Living in a chemical stew
There are, by rough estimate, something in excess of 100,000 industrial and agricultural chemicals loose in the environment, of which no more than 5 percent have been tested for toxicity. Of that 5 percent, virtually none have been tested for synergistic impacts on human and environmental health, meaning that no one knows the effects of two or more chemicals in combination with each other on the host organisms and ecosystems they occupy.
We now know through recent bio-monitoring results that many, if not most of us, carry in our body tissue a large number of toxic chemicals.
In 2005, the Centers for Disease Control and Prevention conducted a screening for 148 toxic chemicals in a cross section of Americans and found that a large majority of those tested had most, if not all, of the chemicals in their blood. We know a scientifically-trained writer living in the ecologically-pristine west-Marin enclave of Bolinas, who had a similar body assay done 10 years ago and was shocked to discover she was harboring more than 120 toxic chemicals, including PCBs.
Environmental toxins are suspected – but not proved – as contributing to epidemiological eruptions in the incidence of everything from breast cancer to autism.
Among the ingredients of the 100,000-chemical stew floating through the global environment, one of the most ubiquitous is called glyphosate, a broad-spectrum, systemic herbicide you probably know as Roundup.
In the U.S. alone, more than 90 million tons of glyphosate are used every year, making it an enormous profit center for Monsanto, the company that invented it in 1970. Roundup, and Roundup-related products such as glyphosate-resistant GMO seeds, are said to constitute as much as 50 percent of Monsanto’s annual revenue. It’s a big deal.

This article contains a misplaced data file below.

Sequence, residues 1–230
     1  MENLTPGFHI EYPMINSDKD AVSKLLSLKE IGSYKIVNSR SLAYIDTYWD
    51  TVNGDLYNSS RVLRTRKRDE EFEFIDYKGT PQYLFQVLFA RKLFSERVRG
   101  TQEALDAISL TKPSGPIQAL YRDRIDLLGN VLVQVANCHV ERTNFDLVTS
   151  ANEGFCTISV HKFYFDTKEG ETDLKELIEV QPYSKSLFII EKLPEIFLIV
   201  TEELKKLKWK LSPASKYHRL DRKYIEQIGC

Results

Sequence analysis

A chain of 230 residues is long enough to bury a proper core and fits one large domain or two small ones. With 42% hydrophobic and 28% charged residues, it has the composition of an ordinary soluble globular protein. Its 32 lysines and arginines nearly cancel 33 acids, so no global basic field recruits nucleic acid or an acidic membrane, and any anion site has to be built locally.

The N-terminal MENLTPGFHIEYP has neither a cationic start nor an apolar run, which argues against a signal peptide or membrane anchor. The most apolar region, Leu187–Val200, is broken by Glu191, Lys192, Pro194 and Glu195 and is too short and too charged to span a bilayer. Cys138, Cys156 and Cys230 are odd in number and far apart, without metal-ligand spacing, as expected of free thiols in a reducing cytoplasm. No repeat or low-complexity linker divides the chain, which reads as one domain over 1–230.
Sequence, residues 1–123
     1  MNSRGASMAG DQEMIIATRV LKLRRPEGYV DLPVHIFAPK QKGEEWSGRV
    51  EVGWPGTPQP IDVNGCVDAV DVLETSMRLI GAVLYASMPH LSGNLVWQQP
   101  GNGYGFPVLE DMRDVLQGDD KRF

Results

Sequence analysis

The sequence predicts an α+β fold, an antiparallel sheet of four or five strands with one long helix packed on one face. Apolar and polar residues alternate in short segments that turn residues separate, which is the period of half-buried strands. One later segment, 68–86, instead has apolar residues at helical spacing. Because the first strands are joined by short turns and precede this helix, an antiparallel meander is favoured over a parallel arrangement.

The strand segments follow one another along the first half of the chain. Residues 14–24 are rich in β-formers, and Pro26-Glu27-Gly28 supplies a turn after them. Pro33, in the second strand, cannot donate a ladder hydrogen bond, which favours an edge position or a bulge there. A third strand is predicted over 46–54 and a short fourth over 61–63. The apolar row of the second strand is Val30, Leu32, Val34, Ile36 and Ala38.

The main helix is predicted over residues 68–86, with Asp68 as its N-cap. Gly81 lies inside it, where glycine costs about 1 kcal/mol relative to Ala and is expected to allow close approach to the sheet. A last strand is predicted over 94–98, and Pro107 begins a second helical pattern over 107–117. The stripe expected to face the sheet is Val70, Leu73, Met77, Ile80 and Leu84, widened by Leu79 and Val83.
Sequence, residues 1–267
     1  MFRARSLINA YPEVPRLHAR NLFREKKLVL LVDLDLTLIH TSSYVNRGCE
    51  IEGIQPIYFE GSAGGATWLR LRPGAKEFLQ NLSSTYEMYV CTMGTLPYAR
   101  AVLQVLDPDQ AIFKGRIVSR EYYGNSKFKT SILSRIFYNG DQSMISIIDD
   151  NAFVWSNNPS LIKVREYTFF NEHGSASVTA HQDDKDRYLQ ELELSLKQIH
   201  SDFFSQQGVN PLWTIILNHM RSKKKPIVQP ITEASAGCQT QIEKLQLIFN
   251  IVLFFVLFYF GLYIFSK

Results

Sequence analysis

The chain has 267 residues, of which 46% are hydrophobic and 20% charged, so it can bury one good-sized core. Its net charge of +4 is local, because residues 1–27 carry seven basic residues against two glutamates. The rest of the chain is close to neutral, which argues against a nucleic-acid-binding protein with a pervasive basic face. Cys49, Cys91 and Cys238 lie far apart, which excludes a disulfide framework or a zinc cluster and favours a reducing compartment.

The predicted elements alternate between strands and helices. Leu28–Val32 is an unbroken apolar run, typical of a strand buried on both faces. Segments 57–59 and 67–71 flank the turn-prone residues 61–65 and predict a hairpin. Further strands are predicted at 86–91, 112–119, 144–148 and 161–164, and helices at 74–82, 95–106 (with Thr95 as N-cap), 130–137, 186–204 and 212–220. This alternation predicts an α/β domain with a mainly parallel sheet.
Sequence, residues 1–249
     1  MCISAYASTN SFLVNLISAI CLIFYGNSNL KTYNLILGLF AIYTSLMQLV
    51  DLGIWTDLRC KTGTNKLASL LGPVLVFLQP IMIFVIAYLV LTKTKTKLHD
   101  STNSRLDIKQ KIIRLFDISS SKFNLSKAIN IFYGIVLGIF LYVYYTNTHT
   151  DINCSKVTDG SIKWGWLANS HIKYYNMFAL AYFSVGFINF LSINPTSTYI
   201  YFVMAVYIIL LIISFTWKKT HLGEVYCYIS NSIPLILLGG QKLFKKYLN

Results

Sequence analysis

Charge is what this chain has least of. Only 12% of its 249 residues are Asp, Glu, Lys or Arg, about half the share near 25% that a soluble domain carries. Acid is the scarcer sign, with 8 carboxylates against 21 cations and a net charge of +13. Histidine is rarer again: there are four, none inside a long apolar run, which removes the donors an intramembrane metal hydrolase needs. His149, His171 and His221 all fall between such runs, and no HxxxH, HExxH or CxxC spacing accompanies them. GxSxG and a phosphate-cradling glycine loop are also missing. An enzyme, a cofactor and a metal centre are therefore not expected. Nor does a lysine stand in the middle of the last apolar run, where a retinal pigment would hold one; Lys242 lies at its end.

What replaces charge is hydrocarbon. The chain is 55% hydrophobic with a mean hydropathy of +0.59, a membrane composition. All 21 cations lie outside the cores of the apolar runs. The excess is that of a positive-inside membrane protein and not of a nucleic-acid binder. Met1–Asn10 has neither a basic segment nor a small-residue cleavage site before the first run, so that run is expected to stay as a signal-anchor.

Glyphosate is also one of the most-heavily studied, carefully scrutinized, tested and re-tested chemicals in widespread circulation. Monsanto has called it “safe as table salt,” and it has won repeated approval from the U.S. EPA.
It has been argued, in fact, that Roundup is safer and better for you than tobacco, alcohol, gasoline, toluene, Superglue, jelly doughnuts or (quite possibly) a piece of ham carved from a pig fed with corn grown from Monsanto’s GMO and Roundup-tolerant seed.
It is probably safe to say, therefore, that the application of a long swath of Roundup along the Sonoma bike path – a swath that has now turned a sickly yellow-green – is not dangerous to your health, even though the dead and dying vegetation looks unhealthy if not slightly sinister. The Roundup that killed the bike path vegetation was applied in January and its minimal toxicity has since biodegraded.
What has not biodegraded is the lingering suspicion that, sooner or later, conclusive evidence will emerge that glyphosate isn’t such a benign substance after all, that there may be some long-term synergistic impacts we don’t yet know about. Some scientists already think glyphosate is an endocrine disruptor, and Roundup-resistant superweeds have evolved that look like herbaceous terminators. Are we tinkering too much with natural selection?
We don’t fault city staff for the chemical application. The City Council long ago blessed limited use of Roundup. But perhaps it’s time to explore some other options.